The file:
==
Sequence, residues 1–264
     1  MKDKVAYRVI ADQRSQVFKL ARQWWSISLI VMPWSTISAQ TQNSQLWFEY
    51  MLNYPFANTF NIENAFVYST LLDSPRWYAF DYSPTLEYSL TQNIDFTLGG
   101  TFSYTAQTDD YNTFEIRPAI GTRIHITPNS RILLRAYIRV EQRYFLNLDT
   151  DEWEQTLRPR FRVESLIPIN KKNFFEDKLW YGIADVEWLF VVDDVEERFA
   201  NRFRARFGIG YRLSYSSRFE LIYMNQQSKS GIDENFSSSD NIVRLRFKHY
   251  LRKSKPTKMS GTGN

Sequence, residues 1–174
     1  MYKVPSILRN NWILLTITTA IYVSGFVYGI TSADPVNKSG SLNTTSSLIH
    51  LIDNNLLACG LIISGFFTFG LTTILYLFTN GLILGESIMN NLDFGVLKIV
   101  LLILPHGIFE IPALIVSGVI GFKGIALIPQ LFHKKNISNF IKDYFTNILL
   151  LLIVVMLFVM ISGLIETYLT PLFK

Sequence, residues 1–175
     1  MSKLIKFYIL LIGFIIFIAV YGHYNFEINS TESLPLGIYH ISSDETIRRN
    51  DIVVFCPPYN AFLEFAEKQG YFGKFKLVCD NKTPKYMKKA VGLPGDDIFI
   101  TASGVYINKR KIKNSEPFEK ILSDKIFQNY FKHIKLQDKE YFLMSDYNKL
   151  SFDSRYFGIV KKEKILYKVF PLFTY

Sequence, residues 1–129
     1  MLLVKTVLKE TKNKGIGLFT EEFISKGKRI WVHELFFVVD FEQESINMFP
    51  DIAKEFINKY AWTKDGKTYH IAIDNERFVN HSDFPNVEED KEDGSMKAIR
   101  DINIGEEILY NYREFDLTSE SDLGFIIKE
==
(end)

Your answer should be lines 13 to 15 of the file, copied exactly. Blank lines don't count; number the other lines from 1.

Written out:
Sequence, residues 1–175
     1  MSKLIKFYIL LIGFIIFIAV YGHYNFEINS TESLPLGIYH ISSDETIRRN
    51  DIVVFCPPYN AFLEFAEKQG YFGKFKLVCD NKTPKYMKKA VGLPGDDIFI